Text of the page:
Pasqua is a Catholic celebration of the resurrection of Christ and a very important date in the Italian calendar. In many towns and cities festive traditions still followed such as; processioni per i loro santi (processions for the Saints), rappresentazioni che rimettono in atto le ultime ore della Passione di Cristo (plays that re-enact the last hours of the Passion of Christ) e riti pagani che si legano al solstizio di primavera (Pagan rituals tied to the Springtime solstice). If you ever find yourself in one of these places around Easter time, watch out for these traditions;
People wear red cloaks and big scary masks with long white teeth and horns to represent the devil. All day they go around the town trying to catch as many people as possible. They also have la Morte with them who points to unsuspecting victims around the town. Those symbolically struck by death are captured by the devils and taken to the closest inferno (hell), where they are forced to buy a round for everyone.
In the afternoon la Madonna leaves the main church and meets Christ. The devils try to interrupt this reunion but others dressed as angels capture them and take them to the statue of the Madonna and Cristo where they are forced to remove their masks, ending the event.
Lo scoppio del carro (The explosion of the wagon) is a traditional ceremony that dates back centuries. The story tells of the famous Florentine Capitano Pazzino dei Pazzi who, in 1099, fought valiantly against the unfaithful and received pietre dal Santo Sepolcro (stones from the Holy Sepulchre) in Jeruselem as his reward. Pazzino brought the stones to Firenze, where they were used by the Vescovo (Bishop) on Holy Saturday. By rubbing them with a tinderbox they lit a fire that spread to all the people in the town. From then on, Pazzini’s family laid the foundation of today’s ceremony by building a monumental Carro di Fuoco (wagon of fire) aka Brindellone.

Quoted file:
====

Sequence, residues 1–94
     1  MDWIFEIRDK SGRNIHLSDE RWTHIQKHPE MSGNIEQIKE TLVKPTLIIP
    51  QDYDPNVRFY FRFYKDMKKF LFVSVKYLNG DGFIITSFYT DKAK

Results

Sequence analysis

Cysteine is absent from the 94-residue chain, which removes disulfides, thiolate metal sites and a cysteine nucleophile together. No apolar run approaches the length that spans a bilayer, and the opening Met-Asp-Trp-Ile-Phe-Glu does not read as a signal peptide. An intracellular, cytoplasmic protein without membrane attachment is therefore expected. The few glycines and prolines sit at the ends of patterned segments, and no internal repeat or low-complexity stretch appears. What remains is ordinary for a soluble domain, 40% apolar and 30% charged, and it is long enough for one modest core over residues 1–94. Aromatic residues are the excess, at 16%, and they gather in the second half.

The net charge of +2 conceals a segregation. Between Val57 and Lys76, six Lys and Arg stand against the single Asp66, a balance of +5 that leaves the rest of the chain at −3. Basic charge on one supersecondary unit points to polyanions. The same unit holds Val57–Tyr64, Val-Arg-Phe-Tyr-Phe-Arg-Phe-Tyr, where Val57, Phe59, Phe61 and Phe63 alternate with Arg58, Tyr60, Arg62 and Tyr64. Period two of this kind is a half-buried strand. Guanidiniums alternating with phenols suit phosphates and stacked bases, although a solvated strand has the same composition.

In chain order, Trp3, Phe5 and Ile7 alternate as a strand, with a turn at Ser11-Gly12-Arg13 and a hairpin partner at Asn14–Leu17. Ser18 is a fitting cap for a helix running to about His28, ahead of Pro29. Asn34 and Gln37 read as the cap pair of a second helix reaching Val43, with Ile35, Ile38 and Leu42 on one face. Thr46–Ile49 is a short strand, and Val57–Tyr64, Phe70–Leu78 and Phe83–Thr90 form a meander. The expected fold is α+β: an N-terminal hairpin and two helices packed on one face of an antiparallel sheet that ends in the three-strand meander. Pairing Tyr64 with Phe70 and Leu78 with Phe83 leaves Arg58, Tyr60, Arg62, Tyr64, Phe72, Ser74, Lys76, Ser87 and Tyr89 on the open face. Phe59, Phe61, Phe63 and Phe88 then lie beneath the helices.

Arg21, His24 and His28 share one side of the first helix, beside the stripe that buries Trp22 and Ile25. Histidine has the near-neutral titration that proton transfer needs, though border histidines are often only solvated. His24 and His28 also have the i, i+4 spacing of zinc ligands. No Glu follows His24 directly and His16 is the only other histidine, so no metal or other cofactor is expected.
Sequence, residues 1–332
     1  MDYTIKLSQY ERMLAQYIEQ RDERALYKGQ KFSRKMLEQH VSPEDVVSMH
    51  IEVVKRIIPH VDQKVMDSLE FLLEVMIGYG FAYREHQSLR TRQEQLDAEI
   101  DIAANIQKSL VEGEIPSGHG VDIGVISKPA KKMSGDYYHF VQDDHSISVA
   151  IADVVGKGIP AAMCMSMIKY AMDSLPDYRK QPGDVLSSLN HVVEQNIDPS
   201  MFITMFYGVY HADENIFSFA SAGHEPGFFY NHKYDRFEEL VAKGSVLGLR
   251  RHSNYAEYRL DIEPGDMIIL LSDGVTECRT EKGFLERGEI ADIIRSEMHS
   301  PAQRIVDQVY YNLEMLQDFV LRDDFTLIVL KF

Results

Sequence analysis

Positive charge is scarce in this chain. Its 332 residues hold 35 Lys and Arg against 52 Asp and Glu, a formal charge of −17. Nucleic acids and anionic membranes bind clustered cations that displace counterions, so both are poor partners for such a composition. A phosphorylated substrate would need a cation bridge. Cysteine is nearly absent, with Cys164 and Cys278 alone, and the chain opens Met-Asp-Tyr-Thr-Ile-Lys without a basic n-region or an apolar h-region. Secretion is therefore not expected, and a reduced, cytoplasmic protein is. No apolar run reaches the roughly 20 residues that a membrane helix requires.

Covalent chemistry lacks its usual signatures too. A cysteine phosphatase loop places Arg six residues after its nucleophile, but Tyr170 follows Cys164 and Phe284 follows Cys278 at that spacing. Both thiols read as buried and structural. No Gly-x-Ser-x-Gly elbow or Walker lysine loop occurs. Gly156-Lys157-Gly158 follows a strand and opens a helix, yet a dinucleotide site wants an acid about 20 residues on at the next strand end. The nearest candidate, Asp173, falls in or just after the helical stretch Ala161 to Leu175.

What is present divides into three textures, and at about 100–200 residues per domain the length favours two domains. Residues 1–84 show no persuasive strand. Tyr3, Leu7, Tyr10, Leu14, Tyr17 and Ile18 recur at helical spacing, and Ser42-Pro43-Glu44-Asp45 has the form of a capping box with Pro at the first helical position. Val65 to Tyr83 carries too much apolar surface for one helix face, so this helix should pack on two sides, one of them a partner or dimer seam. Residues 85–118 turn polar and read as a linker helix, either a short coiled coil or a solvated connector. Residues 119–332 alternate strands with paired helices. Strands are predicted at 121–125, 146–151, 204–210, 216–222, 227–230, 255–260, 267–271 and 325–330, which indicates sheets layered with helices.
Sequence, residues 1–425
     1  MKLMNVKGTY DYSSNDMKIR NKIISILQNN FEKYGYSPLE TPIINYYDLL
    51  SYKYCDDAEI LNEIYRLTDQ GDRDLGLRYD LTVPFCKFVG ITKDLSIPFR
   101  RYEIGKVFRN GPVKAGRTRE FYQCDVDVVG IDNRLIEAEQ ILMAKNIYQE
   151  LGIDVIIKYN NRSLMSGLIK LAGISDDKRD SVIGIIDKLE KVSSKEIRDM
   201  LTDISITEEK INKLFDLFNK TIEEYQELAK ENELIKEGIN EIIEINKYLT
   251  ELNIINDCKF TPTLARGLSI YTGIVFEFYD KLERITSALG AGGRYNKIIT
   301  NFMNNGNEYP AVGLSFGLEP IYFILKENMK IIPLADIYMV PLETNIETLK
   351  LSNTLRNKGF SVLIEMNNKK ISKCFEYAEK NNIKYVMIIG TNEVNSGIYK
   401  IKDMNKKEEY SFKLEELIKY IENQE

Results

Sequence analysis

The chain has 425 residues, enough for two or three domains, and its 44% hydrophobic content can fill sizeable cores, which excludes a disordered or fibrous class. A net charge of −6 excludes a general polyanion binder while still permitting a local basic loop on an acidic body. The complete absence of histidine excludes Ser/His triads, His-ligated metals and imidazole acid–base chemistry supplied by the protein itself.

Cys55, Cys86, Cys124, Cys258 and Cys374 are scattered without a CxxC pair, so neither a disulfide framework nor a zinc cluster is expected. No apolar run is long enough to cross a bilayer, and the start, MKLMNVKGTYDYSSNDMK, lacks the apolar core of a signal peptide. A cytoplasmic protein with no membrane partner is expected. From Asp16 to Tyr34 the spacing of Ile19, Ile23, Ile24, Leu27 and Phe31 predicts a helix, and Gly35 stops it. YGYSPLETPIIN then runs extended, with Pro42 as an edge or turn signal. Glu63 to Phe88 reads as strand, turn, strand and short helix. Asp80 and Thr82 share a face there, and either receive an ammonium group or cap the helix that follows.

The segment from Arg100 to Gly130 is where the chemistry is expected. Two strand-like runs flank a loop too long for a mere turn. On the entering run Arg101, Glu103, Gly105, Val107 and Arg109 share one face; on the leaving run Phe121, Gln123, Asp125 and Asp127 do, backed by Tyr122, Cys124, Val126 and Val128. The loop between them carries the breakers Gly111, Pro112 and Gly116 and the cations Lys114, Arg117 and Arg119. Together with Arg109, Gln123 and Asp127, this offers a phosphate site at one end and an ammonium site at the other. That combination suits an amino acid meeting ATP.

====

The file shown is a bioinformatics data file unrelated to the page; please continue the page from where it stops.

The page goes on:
La mattina di Pasqua (On Easter morning) the carro is carried by white oxen from Piazzale di porta to Prato fino to the Duomo. A wire is strung from the carro to the altar in the Cathedral. At one end of the string is a colomba (dove) with an olive branch in its beak which slides along the string towards the carro with a burning fuse attached to it to light the fireworks inside. During mass, when ‘Gloria’ is sung, the Archibishop lights the dove’s rockets and it travels the length of the main nave to set fire to the Carro, then follows the reverse path back to the Main Altar. Se tutto si svolge senza intoppi, per Firenze si preannuncia un anno positivo. (If everything goes smoothly, Florence is promised a good year).